A singular value decomposition of the word-document matrix having an order of decomposition of R is then generated, step 306. The value of R can vary depending on the values of M and K, and by balancing computational speed (associated with lower values of R) against accuracy (associated with higher values of R). Typical values for R range from 5 to 50. The singular value decomposition is generated according to the following calculation:
where U represents the M×R matrix of left singular vectors, VT represents the transposition of the K×R matrix of right singular vectors, and S represents the R×R diagonal matrix of singular values. The generation of the left and right singular vectors, as well as the diagonal matrix of singular values, is well-known to those skilled in the art and thus will not be discussed further.
Given the singular value decomposition from calculation (1), a particular document dj of W can be determined based on the jth right singular vector Vj according to the following calculation:
Further, based on calculation (2) and using well-known mathematical functions and properties, the value of the jth right singular vector vj can be calculated according to the following:
It is to be appreciated that the value US−1 does not change for different values of j, and therefore the value US−1 can be pre-calculated, step 308, and used during classification of input values as discussed in more detail below. This pre-calculation reduces the computation required during command classification, thereby increasing the speed of the command recognition system during operation.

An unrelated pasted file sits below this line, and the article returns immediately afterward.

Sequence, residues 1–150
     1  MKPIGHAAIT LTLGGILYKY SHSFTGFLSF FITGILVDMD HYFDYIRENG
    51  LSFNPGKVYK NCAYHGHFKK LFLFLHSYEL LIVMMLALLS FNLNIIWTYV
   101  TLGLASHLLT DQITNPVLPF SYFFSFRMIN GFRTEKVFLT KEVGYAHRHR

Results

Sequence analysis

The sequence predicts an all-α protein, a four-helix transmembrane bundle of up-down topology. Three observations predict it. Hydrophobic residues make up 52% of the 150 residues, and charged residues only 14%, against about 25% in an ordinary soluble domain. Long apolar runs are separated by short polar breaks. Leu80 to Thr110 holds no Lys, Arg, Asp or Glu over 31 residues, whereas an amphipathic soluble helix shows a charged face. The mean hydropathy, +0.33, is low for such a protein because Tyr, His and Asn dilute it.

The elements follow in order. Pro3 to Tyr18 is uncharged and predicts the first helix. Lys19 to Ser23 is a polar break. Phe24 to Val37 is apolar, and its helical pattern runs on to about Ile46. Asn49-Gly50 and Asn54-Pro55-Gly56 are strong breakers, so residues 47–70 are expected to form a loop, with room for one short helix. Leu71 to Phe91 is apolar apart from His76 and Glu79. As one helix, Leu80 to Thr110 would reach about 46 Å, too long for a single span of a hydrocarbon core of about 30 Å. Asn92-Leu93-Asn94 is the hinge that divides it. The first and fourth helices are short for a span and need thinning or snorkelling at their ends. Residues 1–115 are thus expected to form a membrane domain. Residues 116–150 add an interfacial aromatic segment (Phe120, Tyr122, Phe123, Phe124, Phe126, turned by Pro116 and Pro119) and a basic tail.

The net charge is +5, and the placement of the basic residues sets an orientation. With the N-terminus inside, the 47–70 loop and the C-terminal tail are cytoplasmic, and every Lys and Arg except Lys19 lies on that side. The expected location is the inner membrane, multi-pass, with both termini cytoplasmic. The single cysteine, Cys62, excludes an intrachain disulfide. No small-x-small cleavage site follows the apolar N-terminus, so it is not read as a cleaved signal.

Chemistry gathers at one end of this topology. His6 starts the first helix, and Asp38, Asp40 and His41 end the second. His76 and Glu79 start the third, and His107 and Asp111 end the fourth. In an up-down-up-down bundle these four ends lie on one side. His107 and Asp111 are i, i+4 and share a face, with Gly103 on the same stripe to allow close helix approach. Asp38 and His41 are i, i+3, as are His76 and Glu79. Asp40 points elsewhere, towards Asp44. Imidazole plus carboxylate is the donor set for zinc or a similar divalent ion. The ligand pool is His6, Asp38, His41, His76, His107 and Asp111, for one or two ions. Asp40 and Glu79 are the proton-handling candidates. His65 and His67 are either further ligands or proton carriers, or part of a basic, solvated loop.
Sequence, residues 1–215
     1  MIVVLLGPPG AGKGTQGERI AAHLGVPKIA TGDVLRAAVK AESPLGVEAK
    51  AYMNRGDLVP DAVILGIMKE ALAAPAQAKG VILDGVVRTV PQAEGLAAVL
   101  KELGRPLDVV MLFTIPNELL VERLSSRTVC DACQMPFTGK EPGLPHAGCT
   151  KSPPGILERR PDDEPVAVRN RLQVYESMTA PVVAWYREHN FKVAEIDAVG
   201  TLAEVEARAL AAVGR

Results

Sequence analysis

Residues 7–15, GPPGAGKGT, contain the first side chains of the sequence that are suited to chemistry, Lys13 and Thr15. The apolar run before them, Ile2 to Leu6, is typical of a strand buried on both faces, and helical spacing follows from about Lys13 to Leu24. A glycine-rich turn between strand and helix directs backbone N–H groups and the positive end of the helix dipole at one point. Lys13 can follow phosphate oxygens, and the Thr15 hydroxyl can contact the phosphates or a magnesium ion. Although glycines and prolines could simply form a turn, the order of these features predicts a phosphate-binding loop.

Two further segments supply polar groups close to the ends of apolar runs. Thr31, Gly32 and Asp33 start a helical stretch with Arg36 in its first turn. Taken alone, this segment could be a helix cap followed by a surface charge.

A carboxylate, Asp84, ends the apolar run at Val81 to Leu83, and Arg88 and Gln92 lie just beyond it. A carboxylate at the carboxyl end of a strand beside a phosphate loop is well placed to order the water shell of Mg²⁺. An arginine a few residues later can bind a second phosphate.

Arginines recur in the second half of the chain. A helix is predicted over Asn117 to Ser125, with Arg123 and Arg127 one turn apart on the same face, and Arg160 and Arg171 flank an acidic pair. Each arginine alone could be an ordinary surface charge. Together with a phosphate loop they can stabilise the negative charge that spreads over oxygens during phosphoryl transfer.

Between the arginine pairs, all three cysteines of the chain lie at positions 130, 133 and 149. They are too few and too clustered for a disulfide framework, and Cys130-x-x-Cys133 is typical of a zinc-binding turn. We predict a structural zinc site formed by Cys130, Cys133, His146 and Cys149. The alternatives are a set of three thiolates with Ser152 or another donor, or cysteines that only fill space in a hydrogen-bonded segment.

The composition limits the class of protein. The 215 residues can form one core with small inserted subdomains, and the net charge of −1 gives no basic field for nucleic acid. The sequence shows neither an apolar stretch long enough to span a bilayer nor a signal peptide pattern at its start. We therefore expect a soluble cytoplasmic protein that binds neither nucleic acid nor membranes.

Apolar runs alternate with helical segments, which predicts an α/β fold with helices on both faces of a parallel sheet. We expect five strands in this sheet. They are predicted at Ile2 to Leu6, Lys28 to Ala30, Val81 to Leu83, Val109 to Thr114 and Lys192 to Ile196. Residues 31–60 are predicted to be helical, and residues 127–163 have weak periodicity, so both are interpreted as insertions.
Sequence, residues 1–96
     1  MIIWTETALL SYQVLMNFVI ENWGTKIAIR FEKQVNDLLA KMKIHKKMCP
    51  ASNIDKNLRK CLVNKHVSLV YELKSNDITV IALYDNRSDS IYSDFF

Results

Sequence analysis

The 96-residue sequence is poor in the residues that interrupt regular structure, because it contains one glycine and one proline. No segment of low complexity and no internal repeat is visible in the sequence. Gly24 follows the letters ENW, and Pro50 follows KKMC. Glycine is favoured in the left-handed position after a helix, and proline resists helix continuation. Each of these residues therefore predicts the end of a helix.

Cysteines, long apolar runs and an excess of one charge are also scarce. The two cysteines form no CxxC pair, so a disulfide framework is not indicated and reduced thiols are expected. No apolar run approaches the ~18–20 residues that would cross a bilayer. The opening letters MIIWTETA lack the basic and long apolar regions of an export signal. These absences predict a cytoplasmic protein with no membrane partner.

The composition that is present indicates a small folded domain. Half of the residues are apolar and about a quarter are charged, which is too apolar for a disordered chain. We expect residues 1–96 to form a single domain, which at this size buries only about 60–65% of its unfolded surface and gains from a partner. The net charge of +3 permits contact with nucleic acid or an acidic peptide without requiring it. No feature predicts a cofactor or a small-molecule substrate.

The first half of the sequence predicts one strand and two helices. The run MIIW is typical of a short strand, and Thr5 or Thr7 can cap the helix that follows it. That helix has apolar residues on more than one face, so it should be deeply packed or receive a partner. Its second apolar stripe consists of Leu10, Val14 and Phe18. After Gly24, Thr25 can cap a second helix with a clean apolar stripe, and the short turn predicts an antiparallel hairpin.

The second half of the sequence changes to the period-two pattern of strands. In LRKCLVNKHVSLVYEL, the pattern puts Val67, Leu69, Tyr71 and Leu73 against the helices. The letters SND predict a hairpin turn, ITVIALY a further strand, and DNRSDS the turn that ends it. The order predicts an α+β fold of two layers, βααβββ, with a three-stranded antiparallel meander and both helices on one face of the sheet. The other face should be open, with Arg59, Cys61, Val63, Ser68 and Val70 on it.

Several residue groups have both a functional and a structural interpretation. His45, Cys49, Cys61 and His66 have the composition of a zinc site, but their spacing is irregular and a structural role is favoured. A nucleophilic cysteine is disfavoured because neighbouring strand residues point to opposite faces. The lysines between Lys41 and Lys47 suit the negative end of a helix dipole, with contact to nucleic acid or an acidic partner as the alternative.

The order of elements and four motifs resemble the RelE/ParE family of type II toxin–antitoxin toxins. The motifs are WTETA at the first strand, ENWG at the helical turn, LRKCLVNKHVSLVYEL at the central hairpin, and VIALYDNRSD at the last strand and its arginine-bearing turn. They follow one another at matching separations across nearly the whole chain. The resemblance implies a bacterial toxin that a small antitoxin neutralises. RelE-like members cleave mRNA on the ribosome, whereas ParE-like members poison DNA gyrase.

Thus, from the training data a large-span semantic vector space having a dimension R is created. Each document from the training data results in a different semantic anchor within that vector space. Furthermore, each of the semantic anchors is based on the actual words of the training data rather than the grammar used in the training data. The semantic anchors are used in classifying input data as a particular command, as discussed in more detail below.
FIG. 4 is a flowchart illustrating the process followed in classifying voice input according to one embodiment of the present invention. According to one implementation, FIG. 4 illustrates the process of step 208 of FIG. 2 in more detail. As illustrated, a vector is first generated for the received command, step 402.
When the word(s) of a new command are received from the speech recognizer, the semantic classifier creates a new command vector dp of order M that identifies the number of occurrences of each of the M words in the new data transcription, step 402. The classifier then determines the value of the right singular vector vp corresponding to this new data transcription, step 404, according to the following calculation (similar to calculation (3) discussed above):
As discussed above, US−1 is pre-computed. Therefore, the only computation which occurs at this step is the matrix multiplication of dp T by the pre-computed value US−1. The result of calculation (4), vp, is a representation of the new data transcription in the vector space R.
The classifier then identifies one or more semantic anchors to be used for comparison to the vector vp, step 406. According to one embodiment of the present invention, all of the anchors generated from the training data are used for comparison, and thus all are identified in step 406. Alternatively, the vectors can be clustered into different groups, each including a subset of the anchors from the training data. Any of a variety of clustering algorithms, such as bottom-up clustering, can be used. Clustering algorithms are well-known to those skilled in the art, and thus will not be discussed further except as they pertain to the present invention.